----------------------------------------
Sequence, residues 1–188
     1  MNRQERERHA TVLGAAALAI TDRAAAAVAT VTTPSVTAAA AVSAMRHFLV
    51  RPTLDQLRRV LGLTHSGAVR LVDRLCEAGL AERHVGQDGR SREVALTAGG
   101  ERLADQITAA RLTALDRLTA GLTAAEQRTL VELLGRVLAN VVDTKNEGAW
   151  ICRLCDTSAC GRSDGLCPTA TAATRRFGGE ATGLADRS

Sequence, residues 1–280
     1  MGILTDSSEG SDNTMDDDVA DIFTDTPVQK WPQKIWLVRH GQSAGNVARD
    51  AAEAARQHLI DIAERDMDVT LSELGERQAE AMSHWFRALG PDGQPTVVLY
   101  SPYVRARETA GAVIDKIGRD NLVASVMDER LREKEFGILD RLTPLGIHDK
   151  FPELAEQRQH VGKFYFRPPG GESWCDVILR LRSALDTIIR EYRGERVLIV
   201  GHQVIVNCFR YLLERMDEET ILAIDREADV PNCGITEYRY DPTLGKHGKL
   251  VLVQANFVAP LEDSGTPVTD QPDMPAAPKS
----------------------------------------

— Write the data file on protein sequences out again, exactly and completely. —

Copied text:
Sequence, residues 1–188
     1  MNRQERERHA TVLGAAALAI TDRAAAAVAT VTTPSVTAAA AVSAMRHFLV
    51  RPTLDQLRRV LGLTHSGAVR LVDRLCEAGL AERHVGQDGR SREVALTAGG
   101  ERLADQITAA RLTALDRLTA GLTAAEQRTL VELLGRVLAN VVDTKNEGAW
   151  ICRLCDTSAC GRSDGLCPTA TAATRRFGGE ATGLADRS

Sequence, residues 1–280
     1  MGILTDSSEG SDNTMDDDVA DIFTDTPVQK WPQKIWLVRH GQSAGNVARD
    51  AAEAARQHLI DIAERDMDVT LSELGERQAE AMSHWFRALG PDGQPTVVLY
   101  SPYVRARETA GAVIDKIGRD NLVASVMDER LREKEFGILD RLTPLGIHDK
   151  FPELAEQRQH VGKFYFRPPG GESWCDVILR LRSALDTIIR EYRGERVLIV
   201  GHQVIVNCFR YLLERMDEET ILAIDREADV PNCGITEYRY DPTLGKHGKL
   251  VLVQANFVAP LEDSGTPVTD QPDMPAAPKS